Man experiences a multitude of needs, on whose satisfaction his happiness depends, and whose non-satisfaction entails suffering. Alone and isolated, he could only provide in an incomplete, insufficient manner for these incessant needs. The instinct of sociability brings him together with similar persons, and drives him into communication with them. Therefore, impelled by the self-interest of the individuals thus brought together, a certain division of labor is established, necessarily followed by exchanges. In brief, we see an organization emerge, by means of which man can more completely satisfy his needs than he could living in isolation. This natural organization is called society.Gustave de Molinari, “The Production of Security” (1849; J. Huston McCulloch, trans., 1977).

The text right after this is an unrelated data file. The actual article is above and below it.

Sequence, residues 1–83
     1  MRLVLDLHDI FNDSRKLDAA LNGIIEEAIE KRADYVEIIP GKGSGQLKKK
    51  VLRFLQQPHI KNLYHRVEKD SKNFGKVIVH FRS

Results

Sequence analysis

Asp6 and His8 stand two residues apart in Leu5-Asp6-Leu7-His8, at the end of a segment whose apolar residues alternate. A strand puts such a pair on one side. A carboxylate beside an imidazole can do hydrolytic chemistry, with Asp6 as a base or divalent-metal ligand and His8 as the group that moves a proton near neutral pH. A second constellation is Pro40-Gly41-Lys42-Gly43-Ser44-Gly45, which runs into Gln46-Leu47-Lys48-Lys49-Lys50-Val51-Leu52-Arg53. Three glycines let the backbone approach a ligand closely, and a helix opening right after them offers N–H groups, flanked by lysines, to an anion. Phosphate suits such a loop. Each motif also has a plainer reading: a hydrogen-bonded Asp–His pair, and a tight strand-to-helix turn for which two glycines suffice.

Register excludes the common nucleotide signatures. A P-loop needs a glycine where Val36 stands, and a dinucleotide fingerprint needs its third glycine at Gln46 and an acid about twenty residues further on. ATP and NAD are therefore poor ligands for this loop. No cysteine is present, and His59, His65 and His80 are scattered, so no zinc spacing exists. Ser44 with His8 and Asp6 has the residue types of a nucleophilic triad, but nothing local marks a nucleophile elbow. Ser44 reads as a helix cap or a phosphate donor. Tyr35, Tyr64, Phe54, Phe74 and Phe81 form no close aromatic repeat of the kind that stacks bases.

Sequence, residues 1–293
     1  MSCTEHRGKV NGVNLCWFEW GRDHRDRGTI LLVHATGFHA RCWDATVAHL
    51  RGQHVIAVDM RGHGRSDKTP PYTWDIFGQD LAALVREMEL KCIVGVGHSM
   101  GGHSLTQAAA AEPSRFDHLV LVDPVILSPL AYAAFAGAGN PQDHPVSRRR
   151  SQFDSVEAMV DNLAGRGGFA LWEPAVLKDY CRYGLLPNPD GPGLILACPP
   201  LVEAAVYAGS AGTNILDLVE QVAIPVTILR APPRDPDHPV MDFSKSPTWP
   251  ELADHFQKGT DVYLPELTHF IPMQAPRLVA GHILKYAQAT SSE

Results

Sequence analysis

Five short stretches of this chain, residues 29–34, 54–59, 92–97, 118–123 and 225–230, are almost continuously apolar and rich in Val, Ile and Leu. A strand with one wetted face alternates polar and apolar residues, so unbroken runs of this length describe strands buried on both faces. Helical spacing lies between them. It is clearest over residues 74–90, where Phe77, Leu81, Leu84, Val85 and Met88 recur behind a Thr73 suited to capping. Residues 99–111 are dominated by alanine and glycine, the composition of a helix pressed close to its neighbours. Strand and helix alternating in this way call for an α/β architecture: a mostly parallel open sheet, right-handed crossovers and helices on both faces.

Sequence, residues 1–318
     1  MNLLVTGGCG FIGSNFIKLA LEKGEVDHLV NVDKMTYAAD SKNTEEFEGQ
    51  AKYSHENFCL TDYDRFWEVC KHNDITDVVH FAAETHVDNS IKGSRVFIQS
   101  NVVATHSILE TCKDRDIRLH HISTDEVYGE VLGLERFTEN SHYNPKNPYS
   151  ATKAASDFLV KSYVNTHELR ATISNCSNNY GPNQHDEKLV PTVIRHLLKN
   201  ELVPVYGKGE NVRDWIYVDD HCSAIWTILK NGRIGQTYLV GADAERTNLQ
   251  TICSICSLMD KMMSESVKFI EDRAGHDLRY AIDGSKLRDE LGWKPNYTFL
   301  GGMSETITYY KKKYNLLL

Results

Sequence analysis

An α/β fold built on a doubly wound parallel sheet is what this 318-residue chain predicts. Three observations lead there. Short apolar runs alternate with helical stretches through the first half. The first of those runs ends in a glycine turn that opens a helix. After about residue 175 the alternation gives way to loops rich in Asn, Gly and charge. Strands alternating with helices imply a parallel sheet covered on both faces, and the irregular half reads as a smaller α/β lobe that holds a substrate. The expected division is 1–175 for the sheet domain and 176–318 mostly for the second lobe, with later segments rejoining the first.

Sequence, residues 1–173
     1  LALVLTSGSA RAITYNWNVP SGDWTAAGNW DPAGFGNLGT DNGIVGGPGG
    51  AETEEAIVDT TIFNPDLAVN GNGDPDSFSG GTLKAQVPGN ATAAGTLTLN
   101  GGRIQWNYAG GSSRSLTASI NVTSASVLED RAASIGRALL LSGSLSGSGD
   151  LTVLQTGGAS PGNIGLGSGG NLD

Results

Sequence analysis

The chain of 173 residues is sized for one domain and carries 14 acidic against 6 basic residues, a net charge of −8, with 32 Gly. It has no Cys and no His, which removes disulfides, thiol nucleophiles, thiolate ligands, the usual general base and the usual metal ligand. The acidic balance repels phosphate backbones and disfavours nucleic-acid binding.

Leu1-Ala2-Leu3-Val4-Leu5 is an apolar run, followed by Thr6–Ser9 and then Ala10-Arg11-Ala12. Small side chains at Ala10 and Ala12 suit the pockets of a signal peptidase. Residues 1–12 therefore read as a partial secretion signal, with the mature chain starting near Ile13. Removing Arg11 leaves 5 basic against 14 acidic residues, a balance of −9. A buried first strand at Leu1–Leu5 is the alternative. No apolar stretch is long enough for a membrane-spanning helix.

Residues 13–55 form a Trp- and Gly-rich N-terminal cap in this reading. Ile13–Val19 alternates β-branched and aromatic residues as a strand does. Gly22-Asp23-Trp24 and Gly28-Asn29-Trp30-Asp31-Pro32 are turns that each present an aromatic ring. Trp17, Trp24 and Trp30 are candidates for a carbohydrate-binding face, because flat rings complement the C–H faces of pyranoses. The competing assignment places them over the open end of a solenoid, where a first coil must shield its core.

The object of society is therefore the most complete satisfaction of man’s needs. The division of labor and exchange are the means by which this is accomplished.